Still, delegates left chemical recycling language in the Basel Convention’s technical guidance enclosed in brackets, meaning those paragraphs have no authority now but the debate over them will likely resurface in subsequent meetings.

Even though environmental advocates would like to see the United States delegation work to shut the door to chemical recycling of plastics, the statement this week from the State Department shows the U.S. wants to keep that door open.

With so little plastic being recycled, chemical recycling could be a potential option, the State Department spokesperson said. “If it can be done in an environmentally sound manner, chemical or advanced recycling could play a role in the solution to this problem and create a more circular system for the lifecycle of plastic,” the spokesperson said. “We are looking to better understand the technology and how it could fit into global efforts to combat plastic pollution.”

Treaty Talks: “Once in a Lifetime” Opportunity 

Environmental and industry groups alike are weighing in on the potential treaty in the runup to the Nairobi meeting.

“The zero draft lays out a bold plan to transform the entire scope of production, use, and management of plastics, which will generate significant progress toward a more circular economy,” said Kate Bailey,

chief policy officer of the Association of Plastic Recyclers, an international trade group whose members are involved in recycling plastic. “The APR is pleased to see that the zero draft solidifies the importance of recycling and the use of safe recycled content in plastic products to replace virgin plastics.”

Last week, Corporate Accountability, a nonprofit watchdog of transnational companies, published a report that acknowledged big consumer brands, including Coca-Cola, PepsiCo and McDonalds, have made a significant number of voluntary pledges to fight or reduce plastic pollution and meet sustainability goals.

But the group said that it is difficult to independently corroborate the three companies’ efforts, and said voluntary measures are not up to the task of solving the global plastics crisis and could undermine efforts to secure a strong treaty.

“The bevy of industry corporate social responsibility initiatives on plastic pollution can deeply color public opinion and political will to advance an ambitious treaty,” said Nick Guroff, a consultant working with Corporate Accountability. “If industry can be trusted to clean-up its own mess, what is the use of binding, transnational regulation?”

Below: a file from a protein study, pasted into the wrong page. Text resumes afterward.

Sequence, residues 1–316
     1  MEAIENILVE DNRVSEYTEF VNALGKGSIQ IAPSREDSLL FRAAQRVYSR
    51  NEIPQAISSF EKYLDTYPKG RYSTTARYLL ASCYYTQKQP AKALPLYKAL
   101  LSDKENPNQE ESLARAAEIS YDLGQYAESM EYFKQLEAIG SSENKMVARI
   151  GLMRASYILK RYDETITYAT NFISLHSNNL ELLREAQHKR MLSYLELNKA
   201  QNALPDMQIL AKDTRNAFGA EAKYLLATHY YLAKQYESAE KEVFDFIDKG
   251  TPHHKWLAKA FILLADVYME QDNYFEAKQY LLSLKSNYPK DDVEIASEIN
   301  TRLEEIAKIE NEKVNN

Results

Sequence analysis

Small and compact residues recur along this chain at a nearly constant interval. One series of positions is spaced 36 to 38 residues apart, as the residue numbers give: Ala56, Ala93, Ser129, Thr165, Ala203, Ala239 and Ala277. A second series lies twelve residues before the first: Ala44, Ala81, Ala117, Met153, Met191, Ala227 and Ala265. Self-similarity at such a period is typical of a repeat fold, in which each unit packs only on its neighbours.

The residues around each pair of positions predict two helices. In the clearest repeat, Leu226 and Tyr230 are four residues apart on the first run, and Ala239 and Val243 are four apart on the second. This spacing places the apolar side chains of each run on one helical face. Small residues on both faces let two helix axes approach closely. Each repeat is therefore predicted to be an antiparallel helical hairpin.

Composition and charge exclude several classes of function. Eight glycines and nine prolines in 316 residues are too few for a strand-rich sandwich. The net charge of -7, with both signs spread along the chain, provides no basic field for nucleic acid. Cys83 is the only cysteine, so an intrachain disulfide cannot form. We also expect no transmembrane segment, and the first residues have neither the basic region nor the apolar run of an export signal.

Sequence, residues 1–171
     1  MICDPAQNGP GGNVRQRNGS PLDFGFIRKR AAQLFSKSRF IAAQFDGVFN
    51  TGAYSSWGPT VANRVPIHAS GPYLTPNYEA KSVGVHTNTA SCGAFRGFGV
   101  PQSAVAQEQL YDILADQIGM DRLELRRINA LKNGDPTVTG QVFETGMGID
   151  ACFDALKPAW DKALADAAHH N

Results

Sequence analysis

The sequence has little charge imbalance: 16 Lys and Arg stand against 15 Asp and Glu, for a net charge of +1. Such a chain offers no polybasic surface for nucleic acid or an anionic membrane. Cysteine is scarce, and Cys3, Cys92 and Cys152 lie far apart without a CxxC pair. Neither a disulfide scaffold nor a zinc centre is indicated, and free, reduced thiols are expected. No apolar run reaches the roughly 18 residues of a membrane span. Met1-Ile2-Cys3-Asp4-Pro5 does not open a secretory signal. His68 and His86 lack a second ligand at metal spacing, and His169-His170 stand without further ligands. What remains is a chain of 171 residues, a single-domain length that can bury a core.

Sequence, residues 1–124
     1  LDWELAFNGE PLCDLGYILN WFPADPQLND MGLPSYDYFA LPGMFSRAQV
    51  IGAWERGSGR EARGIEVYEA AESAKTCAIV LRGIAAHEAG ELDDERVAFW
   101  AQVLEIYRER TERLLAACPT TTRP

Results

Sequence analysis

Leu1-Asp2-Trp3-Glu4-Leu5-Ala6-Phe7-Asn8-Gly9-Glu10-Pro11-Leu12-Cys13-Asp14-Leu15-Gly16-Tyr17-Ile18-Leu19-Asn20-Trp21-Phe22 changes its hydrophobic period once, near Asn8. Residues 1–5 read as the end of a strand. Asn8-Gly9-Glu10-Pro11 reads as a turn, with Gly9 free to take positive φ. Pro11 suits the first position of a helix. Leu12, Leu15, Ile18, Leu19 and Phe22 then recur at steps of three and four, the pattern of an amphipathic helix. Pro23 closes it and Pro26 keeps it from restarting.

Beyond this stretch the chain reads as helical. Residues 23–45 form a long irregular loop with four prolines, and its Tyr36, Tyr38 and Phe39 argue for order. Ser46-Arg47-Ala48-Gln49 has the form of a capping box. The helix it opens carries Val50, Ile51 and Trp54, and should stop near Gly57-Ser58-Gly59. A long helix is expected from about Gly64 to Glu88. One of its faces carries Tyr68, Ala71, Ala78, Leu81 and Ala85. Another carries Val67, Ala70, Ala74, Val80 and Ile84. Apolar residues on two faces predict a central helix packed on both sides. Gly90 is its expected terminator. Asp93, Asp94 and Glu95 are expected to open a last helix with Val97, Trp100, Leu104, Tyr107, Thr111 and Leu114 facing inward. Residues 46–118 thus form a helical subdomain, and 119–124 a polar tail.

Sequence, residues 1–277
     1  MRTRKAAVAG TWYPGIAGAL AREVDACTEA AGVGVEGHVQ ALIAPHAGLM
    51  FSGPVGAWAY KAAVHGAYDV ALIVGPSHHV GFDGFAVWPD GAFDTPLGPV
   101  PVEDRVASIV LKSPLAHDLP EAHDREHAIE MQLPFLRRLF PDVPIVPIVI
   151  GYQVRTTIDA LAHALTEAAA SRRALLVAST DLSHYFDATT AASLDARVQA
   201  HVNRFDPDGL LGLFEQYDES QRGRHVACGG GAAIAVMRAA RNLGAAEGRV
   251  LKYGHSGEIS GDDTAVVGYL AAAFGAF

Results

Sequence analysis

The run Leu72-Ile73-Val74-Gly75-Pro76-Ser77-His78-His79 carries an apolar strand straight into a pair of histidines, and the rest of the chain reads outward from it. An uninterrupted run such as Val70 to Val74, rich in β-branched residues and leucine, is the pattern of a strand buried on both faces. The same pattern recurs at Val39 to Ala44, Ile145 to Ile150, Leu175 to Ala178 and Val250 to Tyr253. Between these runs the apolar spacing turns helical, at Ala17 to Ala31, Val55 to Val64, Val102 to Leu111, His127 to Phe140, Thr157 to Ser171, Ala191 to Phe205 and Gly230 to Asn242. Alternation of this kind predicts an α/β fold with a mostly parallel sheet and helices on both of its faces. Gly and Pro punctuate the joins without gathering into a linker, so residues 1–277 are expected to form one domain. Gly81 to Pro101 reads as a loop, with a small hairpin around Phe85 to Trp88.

Coca-Cola, PepsiCo and McDonalds did not immediately respond to requests for comment on the Corporate Accountability report.

The Business Coalition for a Global Plastics Treaty, of which Coca-Cola and PepsiCo are a part, along with dozens of financial, waste management and other partners, has put out a statement that its members are looking for  “legally-binding provisions that require national governments to implement and enforce harmonized regulations over the full life-cycle of plastics.” 

Vito Buonsante, a environmental lawyer and technical advisor to the International Pollutants Elimination Network, said the group is pleased that its concerns about toxic chemicals involved in plastic production and use were recognized in the zero draft. “There are provisions on controlling emissions, including hazardous chemicals,” and calls for transparency, he said.

“The treaty initially looked like it was aimed at marine litter” and would focus on “the visible impact of waste,” he said. “There has been an increased understanding of the problems that plastic pollution we are facing. It is significant because it means that countries are listening to scientists and to science.” 

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Mallos, with the Ocean Conservancy, said he is pleased the zero draft included concerns such as microplastics and abandoned or lost ocean fishing gear known as “ghost gear.” 

But the group has found the draft lacking by not offering any specific target for reducing plastic production. The Ocean Conservancy, he said, “urges the incorporation of specific global binding targets, such as a minimum 50 percent reduction in single-use plastics production by 2050.”

Other groups go further. The Global Alliance for Incinerator Alternatives (GAIA) calls for the elimination of all single-use plastics, and Greenpeace urges cutting all plastic production by at least 75 percent by 2040. 

The Center for International Environmental Law has produced an issue brief arguing that in order to meet Paris climate goals, plastic production will need to be cut between 46 and 70 percent by 2050. CEIL notes that the Scientists Coalition for an Effective Plastics Treaty, a group of experts involved in the U.N. push for a global plastics pact, has found that plastics already account for around 3 percent to 8 percent of global greenhouse gas emissions, with those numbers expected to double by 2060.

The American Chemistry Council, an industry lobby group, did not return requests for comment on the upcoming negotiations. The group opposes limits on plastic production, saying the world needs more lightweight, durable plastics, such as in cars and packaging, to fight global warming by reducing the weight of vehicles and their cargo, thereby reducing transportation emissions, among other reasons.

“Politics aside,” Mallos said, “it is important for us to remember this is a once in a lifetime opportunity for us to right the ship and chart a course toward a future where we as humans are not drowning in plastics and our oceans—and communities that depend on them—are also not drowning in plastic.”